Cosmopolitan cities such as Beijing and Shanghai, which annually attract tens of millions of overseas visitors on business or holiday, applaud themselves for providing public order and relatively safe-city streets where one can walk at just about any hour in relative safety.

But all is not necessarily quiet on the home front.

In an uncharacteristically candid public admission, the MPS once reported a pandemic of illicit drug trafficking in China led by an increasing number of foreign crime syndicates, reportedly from the African regimes of Nigeria and Liberia and triads from neighboring Asian countries.

Moreover, violent crime on the southern shore is notoriously rampant in Guangdong, making it the only province in China‘s mainland to arm police with guns.

Nor is this to say that Westerners are entirely exempt from either being the victim of, or committing, more serious crimes.

I found myself in several situations while traveling extensively throughout China. I fondly remember the street gang that confronted me in a darkened alley in Inner Mongolia, or facing off with a pickpocket in a crowded Qianmen hutong in Beijing with a baying crowd of onlookers taking great delight in watching a 196cm waiguoren vigilante.

Then there was that time in Chongqing. Not exactly heralded as a top tourist destination, the interior municipality of Chongqing, located on the rusty banks of the Yangtze River, uncannily resembles a lawless early-century port-of-call of maritime merchants, hardened dock laborers and waterfront brothels.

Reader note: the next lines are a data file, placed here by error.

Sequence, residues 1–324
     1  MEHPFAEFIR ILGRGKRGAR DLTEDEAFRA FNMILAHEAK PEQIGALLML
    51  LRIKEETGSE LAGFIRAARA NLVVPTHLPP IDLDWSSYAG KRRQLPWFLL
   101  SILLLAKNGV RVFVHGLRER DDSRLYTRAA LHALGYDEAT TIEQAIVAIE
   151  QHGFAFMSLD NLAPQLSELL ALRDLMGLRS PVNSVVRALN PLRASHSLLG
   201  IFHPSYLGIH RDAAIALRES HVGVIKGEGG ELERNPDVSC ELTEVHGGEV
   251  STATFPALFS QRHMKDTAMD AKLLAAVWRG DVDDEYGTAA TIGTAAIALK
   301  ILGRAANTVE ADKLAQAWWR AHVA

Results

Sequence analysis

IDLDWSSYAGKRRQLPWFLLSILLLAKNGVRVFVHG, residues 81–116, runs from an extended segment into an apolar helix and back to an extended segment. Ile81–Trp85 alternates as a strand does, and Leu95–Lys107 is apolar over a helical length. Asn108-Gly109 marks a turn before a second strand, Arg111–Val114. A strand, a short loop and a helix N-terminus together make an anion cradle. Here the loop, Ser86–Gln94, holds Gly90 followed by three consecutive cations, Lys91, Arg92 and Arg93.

An overnight stay in a small hotel on the outskirts of China’s largest, and hottest, city, turned into a midnight brawl after a polite request on my part to ask three obviously drunk men loitering in the hallway to settle down, was met with a hostile response.

A push on their part led to a not gentle shove on mine, sending one of the men flying back into his two friends.

The next few moments were a feral blur, and for a short time, I laudably held my own. But six bare fists can infallibly do more damage than two can.

The tough guys retreated into the night, leaving me breathless and battered.

The police arrived thereafter and took me to the Public Security Bureau to get a statement.

It was determined that the hotel security guards failed to serve their purpose, and it was also found that the hotel did not follow strict municipal protocol in copying the three perpetrators’ identification cards before accommodating them, which would have assisted the police in their investigation.